Trylon Communications  - Volume I Issue 2
       

What Business are You In?

Now that companies can buy or access media lists and post press releases, some of them seem to think that the efforts of public relation professionals are superfluous.  They take the “do-it-yourself” approach a little too far, and find themselves with the kind of publicity and relationships with the media that they really don’t want.

While more journalists prefer e-mail versus other ways of receiving information (see last issue of our newsletter), the quality of press releases has sunk to a new low.  Press releases, once considered a positive way to spread news about a company, have become just another form of “spam” for most journalists.  An ad for a company with PRESS RELEASE over the top of it gets no more attention than a gnat flying around the jungle.

Even worse, many press releases now go out without the proper format – so even if a journalist wants to delve into the story, there is no contact information (or worse, the contact person knows nothing about the release!) and the story hits a brick wall.  Just one occurrence like this and the company can forget about ever getting a positive mention from that journalist.

Another example of poor in-house PR is sending press releases to the wrong journalists or editors.  This is a favorite pet peeve.  Blanketing the world with a press release is just about the fastest way to get blacklisted.  Clicking “select all” and “send” from a media software package is committing media hara-kiri.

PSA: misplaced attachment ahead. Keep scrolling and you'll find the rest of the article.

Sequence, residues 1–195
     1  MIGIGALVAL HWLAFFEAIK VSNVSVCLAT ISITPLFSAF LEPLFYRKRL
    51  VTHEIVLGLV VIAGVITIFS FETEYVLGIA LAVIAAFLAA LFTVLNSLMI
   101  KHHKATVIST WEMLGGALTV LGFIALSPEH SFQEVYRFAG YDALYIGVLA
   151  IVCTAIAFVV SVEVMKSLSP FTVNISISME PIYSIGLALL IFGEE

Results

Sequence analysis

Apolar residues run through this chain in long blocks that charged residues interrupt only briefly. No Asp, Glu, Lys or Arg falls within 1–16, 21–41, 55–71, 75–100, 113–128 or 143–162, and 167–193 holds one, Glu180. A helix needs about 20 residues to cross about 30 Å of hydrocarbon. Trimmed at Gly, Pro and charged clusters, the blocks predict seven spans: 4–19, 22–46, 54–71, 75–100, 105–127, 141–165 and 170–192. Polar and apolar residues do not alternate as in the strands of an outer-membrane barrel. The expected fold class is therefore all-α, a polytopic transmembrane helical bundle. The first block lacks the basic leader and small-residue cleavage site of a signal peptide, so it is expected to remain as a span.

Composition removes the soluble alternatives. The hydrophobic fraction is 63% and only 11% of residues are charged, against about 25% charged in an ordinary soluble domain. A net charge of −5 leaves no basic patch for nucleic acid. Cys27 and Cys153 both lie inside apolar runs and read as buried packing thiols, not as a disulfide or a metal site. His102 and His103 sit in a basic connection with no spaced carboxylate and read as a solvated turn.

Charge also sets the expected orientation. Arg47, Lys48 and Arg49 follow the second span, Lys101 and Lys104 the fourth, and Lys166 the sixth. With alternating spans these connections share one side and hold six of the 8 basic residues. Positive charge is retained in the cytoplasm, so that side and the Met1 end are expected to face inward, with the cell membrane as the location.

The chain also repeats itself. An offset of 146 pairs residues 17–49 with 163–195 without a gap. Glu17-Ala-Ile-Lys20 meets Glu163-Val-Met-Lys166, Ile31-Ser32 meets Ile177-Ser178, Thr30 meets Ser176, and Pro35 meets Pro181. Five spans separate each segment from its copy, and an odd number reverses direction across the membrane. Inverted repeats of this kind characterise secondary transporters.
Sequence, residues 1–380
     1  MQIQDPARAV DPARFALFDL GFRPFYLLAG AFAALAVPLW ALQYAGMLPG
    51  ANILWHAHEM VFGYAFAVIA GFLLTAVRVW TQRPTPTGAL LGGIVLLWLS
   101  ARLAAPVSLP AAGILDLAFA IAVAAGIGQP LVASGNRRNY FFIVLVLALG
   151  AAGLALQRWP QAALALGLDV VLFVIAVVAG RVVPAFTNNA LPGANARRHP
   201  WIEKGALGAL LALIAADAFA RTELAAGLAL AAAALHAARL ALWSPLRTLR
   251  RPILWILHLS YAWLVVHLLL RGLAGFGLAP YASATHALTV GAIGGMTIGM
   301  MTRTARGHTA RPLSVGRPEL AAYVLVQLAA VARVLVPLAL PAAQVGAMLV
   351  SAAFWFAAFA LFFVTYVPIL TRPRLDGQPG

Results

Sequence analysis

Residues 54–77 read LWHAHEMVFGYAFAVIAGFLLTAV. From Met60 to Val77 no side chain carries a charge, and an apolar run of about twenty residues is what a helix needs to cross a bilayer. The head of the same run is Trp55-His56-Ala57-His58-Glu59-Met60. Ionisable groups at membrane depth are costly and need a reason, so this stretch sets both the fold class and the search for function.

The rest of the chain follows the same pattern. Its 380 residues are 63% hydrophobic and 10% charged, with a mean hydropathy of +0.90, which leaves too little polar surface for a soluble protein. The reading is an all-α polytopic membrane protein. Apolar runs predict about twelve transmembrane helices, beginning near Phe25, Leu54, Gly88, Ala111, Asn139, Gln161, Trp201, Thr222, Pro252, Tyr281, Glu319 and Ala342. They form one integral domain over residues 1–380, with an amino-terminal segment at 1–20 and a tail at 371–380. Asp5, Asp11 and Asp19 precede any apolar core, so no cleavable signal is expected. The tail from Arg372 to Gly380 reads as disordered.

Nobody ever seems to think that just possibly, a journalist will follow up on something that was sent to him or her.  Time and again one hears about companies that issue a press release, only to be unprepared for a follow-up call from the media.  Turning a potential story opportunity into a dead end is just another form of PR suicide.

Company executives are the last people you want deciding if a press release is newsworthy.  No offense, but we all tend to believe that there is a great story in every development in our respective companies, when an outside reader may wonder what is so earth-shaking about it.  The ability to determine what news to place in front of the media is a skill that can be overlooked and undervalued. 

Finally, lack of organization can kill a good story lead.  Journalists operate on deadlines, and professional public relation people not only understand that, they sympathize with it.  Therefore, when a journalist has a question or needs additional information, it should be available immediately.  How many times has a story been killed simply because documentation to support a press release was not available?

The information age and new technology bring wonderful opportunities, but they can also lead to disaster when taken too far.  When companies realize that they are far more efficient running their business and leaving the public relations to the pros, we are all better off.